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Dark design patterns and gamified lives who plays whom?
29 November 2022 18:30 - 20:00
29th November – The video game industry is consolidating a business model that transitions from the direct purchase of the video game to the so-called ‘video game as a service’ and the free video game that monetizes through the sale of user data, advertising revenue and micropayments through in-game purchases. The new business models are moving from strategies that require the video game to be purchased by as many users as possible, to strategies that require users to stay connected for as long as possible. This affects the very design of video games, which increasingly integrate obscure design patterns in order to maximize profits. These patterns are strategies and techniques devised to make players spend more time than they would like in the video game, or spend more than they intended to spend on it. Some examples of them are periodic rewards that force us to enter the game constantly if we do not want to miss them, being forced to watch ads in order to play or to get rewards, collections to complete, progress bars, variable rewards…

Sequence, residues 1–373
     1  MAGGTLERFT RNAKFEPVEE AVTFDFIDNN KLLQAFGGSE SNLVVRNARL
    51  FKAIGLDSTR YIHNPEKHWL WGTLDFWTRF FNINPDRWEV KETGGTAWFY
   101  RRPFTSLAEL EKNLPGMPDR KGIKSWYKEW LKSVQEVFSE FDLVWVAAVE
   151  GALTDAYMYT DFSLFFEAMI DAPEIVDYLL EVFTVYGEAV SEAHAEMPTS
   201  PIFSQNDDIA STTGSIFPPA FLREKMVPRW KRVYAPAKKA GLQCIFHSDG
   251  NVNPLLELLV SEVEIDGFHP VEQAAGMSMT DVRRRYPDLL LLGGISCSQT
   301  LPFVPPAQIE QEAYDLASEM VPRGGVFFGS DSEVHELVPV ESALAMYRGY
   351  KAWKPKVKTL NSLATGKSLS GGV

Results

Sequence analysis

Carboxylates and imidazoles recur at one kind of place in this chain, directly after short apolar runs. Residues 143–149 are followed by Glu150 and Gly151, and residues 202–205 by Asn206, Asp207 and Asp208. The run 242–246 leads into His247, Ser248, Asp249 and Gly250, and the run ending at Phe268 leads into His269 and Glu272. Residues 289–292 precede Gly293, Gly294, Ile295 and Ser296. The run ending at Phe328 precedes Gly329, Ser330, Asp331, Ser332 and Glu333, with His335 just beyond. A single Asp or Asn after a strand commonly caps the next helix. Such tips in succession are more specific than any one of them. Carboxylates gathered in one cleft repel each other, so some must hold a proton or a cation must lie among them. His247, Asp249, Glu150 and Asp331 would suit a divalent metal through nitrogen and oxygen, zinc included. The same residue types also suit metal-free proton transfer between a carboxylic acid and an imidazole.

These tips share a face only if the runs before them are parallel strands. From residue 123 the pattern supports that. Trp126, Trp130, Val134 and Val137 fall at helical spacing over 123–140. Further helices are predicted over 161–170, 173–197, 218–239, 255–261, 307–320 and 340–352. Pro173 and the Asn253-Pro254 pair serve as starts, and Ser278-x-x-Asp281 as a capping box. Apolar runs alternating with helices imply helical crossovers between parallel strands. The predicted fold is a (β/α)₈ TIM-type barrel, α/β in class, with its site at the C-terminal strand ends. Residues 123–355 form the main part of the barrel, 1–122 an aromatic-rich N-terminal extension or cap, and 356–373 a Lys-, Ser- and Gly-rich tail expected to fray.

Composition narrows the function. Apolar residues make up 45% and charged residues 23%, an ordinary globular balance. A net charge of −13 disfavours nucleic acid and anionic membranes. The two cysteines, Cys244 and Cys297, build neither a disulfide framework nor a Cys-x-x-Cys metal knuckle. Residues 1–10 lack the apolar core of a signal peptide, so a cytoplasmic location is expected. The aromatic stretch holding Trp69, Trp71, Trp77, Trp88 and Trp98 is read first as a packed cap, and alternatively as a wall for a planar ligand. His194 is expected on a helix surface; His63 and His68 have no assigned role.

This means that the change in the business model implies changes in the videogames themselves, which are less and less made for us to play with them, and more to play with us. This is detrimental to the quality of video games, which are increasingly composed more by teams of behavioral psychologists than by programmers, designers or narrative designers.
But these dark patterns do not remain only in video games, but permeate every aspect of our lives in what sociologist Daniel Muriel calls the “videoludification of reality”. Video games, beyond being a mere object of leisure or consumption, have an impact on reality by structuring it on the basis of game mechanics, imbricated in digital processes that have a clear effect and repercussion on our analog lives. Thus, through gamification, digital surveillance is further encouraged, while behaviors are modeled through neoliberal governance models under the false promise of making our daily lives more fun. But what is at stake, however, are our bodies, our behaviors, both as individuals and collectively.
Address: Espai Societat Oberta (C/Sant Eusebi, 29 Barcelona)